There is no specific report of that in the article, but if my hon. Friend says it, I am sure it is something that he has seen.
Lastly, almost by way of a postscript, as the Chairman of the Select Committee has said, we are producing a report on Iran. I would not want to anticipate that, but I want to make one point. We have entered into one war on the basis of a claimed intelligence assessment that proved entirely incorrect. We now have the official United States national intelligence estimate, entitled "Iran: Nuclear Intentions and Capabilities", which was published in November. Under the heading "Key Judgments", the report opens:
"We judge with high confidence that in fall 2003, Tehran halted its nuclear weapons program; we also assess with moderate-to-high confidence that Tehran at a minimum is keeping open the option to develop nuclear weapons."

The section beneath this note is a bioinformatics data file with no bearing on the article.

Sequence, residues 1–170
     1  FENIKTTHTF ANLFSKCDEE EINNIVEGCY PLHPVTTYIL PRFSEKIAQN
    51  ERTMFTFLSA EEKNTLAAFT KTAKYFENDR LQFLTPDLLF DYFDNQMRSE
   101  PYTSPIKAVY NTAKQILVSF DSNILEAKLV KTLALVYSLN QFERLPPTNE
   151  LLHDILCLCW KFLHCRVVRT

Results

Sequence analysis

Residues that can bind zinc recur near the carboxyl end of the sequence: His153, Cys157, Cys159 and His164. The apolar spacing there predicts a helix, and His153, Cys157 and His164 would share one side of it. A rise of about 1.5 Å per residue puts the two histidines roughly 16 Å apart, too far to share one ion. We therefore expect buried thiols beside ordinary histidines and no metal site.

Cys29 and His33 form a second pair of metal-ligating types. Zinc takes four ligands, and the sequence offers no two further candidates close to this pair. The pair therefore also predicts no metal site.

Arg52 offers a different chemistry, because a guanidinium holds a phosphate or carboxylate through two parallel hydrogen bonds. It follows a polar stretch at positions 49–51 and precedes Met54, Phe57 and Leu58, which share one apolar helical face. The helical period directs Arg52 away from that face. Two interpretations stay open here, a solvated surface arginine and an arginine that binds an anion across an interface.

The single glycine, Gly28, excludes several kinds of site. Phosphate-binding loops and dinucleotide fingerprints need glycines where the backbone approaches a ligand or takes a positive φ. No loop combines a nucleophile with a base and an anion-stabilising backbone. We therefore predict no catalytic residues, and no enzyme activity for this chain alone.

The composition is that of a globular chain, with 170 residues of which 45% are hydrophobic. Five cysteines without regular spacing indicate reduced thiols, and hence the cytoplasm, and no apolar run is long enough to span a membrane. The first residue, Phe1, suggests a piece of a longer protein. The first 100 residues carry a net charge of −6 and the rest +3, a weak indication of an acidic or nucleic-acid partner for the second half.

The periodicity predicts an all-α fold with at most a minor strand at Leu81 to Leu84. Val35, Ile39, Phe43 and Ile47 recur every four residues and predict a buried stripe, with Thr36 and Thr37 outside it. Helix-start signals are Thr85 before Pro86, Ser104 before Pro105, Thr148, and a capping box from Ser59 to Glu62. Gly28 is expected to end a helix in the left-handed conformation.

There is a world of difference between keeping open the option of developing nuclear weapons and having operational nuclear weapons in place. Having gone into one war on the basis of a misreading of an intelligence assessment, it would be unforgivable to go into or be complicit in another when the intelligence picture was still extremely uncertain, as appears to be the case at the moment with Iran.